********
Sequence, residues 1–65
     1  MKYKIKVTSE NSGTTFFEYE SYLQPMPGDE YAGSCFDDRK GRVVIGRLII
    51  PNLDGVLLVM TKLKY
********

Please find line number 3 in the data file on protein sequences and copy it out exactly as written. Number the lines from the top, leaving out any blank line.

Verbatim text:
    51  PNLDGVLLVM TKLKY